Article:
DETROIT — The 2019 AutoRama was a different kind of March Madness with not only the birthday of Justice League director Zack Snyder, but Kevin and Janell Poole’s 2018 Grand Sport Corvette shows that Superman and Wonder Woman are indeed a super-power couple in the form of Super GS. The Man of Steel and the Amazonian warrior princess may be an item in the comics, but Wonder Woman has also lasso the heart of Batman on both the big and small screen (probably another reason why these three are the DC Trinity). And speaking of the brooding Dark Knight Detective, this year marks the 30th anniversary of Tim Burton’s Batman with Michael Keaton as the titular Caped Crusader, who still rises after 80 years of instilling fear into the hearts of the criminals and the corrupt as a symbol of justice and hope.
The Batmobile from the 1992 sequel Batman Returns was on dawn at AutoRama with Carl Casper with his new book chronicling his years as the all-time custom car champion of America with photos. When it comes to AutoRama and Fridays back in the day, only two things occur to me as rolling arsenals: the General Lee from CBS’ The Dukes of Hazzard, and the man … the machine known as ABC’s Street Hawk. Whereas good ole’ boys Bo and Luke Duke fight the system as a two modern-day Robin Hood, Street Hawk is Knight Rider on a motorcycle: a crime-fighting super-vehicle capable of going up to 300 miles per hour with unlimited firepower and capabilities.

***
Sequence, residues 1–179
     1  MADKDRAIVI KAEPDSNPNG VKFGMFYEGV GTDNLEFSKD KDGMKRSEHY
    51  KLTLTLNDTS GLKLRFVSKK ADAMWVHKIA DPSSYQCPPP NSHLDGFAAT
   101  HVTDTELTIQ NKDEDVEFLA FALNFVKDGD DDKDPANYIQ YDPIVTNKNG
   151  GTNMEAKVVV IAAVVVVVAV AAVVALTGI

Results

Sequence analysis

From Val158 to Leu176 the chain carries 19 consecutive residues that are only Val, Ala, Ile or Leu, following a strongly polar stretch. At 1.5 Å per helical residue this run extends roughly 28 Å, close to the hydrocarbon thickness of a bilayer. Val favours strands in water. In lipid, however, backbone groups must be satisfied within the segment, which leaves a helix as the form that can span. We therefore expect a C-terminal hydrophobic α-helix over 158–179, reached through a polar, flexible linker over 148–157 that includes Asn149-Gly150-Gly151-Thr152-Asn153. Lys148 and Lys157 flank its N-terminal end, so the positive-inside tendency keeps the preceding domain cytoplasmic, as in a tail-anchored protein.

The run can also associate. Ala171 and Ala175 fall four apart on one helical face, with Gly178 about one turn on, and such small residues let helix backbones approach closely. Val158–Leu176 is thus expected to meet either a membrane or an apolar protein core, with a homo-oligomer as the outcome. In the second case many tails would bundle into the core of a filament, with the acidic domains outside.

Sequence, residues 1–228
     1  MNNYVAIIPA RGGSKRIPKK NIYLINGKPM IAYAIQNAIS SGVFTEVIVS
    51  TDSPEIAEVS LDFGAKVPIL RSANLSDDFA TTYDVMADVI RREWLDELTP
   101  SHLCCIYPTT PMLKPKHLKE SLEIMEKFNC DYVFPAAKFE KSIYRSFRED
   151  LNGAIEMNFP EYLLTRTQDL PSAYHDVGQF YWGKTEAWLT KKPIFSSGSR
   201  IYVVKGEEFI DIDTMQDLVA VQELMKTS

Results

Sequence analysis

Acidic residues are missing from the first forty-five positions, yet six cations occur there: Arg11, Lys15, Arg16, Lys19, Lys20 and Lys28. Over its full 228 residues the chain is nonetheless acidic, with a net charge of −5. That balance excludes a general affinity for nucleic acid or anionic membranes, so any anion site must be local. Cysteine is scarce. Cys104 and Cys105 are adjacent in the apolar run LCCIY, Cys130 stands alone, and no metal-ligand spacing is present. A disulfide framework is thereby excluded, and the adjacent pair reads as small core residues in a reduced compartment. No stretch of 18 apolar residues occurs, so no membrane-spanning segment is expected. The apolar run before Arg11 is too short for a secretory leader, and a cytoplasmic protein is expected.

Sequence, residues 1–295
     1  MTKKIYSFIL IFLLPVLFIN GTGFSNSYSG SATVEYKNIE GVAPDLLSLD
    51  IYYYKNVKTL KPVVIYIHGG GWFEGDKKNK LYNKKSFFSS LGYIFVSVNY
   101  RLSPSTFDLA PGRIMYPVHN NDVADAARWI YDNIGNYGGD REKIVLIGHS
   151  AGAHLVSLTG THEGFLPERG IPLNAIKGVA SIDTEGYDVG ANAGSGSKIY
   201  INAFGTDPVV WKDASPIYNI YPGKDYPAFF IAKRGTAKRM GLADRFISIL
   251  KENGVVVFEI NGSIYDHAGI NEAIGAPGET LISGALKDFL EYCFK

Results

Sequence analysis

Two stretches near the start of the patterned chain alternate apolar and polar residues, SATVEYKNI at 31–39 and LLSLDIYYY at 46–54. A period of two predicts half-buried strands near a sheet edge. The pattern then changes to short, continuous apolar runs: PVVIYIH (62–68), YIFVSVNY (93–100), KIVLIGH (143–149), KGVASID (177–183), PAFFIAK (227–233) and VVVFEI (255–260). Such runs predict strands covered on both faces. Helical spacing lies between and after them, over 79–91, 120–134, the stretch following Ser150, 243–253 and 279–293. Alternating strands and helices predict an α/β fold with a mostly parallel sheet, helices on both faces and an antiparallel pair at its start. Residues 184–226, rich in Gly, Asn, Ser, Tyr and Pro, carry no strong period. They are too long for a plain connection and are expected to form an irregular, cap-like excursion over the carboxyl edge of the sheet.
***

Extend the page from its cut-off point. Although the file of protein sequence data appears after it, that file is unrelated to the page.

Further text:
The weather may be frigid outside, but AutoRama won’t frighten the people inside – especially with a car like Tony Gulley’s Ford Shelby GT Mustang nicknamed “Christine”. When asked why named his car after the Stephen King novel and 1983 film adaptation, Gulley’s answer was simple: she’s very temperamental – just like Christine, a car that has a mind of her own. AutoRama is not only the place where people bring the customized cars they built, but it is where they can be built as real-life superheroes like James and Rebecca Sawyer with their “Iron Man” armored as a 1988 Camaro IROC-Z.
Sadly, though, we’ll be Eastbound and Down with a tribute to the late Burt Reynolds. Throughout the 1970s and early 1980s, Reynolds was the good ‘ole boy of all good ‘ole boys thanks to films such as Deliverance, White Lightning and Gator. But it was playing the Bandit in Hal Needham’s Smokey and The Banditthat made Reynolds into a top box office superstar: leading the craze of fast cars and CB lingo, both of which inspired and influenced Dukes. Reynolds died last fall at the age of 82.
The 67th annual Meguiar’s Detroit Autorama continues at Cobo Center on Saturday from 9 a.m. to 10 pm. and Sunday from 10 a.m. to 7 p.m. Tickets are $21 for adults, $8 for kids six to 12 and free for children five and under. Discount tickets available at O’Reilly Auto Parts. For more information, visit https://autorama.com/attend/detroit/